Staffing forced closure of 154 Massachusetts mental health beds in last 10 months, report finds

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Psychiatric units and hospitals in Massachusetts have taken at least 154 additional mental beds offline solely because of staffing needs within the last 10 months, according to a report released in December. 

The COVID-19 pandemic has exacerbated the existing mental health crisis and has led to an increased need for mental health services, including inpatient psychiatric placement, the nine-page report stated. The report also noted increased "boarding" in Massachusetts hospital emergency rooms and medical-surgical units caused by patients waiting for mental health beds.

To examine the effect of staffing shortages on the state's inpatient mental health system, the Massachusetts Health and Hospital Association and Massachusetts Association of Behavioral Health Systems surveyed freestanding psychiatric facilities and psychiatric units in acute care hospitals in February and October, with 51 respondents in the first survey and 56 in the second.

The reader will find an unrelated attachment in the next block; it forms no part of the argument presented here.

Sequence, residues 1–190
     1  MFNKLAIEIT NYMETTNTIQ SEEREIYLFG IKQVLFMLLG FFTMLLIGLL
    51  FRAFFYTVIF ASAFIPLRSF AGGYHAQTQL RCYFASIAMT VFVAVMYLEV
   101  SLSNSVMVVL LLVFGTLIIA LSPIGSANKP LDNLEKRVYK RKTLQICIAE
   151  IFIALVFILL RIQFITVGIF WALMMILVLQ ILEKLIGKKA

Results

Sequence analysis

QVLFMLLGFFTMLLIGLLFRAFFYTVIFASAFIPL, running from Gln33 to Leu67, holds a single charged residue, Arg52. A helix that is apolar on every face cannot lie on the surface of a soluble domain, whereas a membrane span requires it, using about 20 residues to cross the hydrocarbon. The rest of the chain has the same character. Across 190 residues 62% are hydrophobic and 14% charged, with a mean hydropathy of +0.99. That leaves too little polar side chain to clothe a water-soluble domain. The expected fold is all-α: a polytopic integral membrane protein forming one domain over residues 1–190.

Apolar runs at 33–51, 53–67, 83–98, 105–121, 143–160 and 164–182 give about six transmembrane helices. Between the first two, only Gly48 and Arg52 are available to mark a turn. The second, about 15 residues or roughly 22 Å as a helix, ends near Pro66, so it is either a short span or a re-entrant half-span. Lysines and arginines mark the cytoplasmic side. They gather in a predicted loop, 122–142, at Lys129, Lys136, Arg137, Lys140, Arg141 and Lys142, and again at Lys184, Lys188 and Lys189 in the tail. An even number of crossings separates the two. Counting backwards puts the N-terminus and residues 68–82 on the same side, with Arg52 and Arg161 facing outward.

In February, facilities reported that 208 beds, or 9 percent of reported licensed beds, were closed because of staffing needs, compared to 362 beds, or 14 percent of reported licensed beds, in October. This means at least 154 additional mental beds were reported as taken offline solely because of staffing within the last 10 months.

Nearly all facilities (96 percent) also reported shortages in registered nurses in October, and 78 percent reported shortages in mental health workers. 

Lack of enough qualified applicants and applicants refusing offers because of pay rates were cited as the top barriers to filling open positions.

To read the full report, click here

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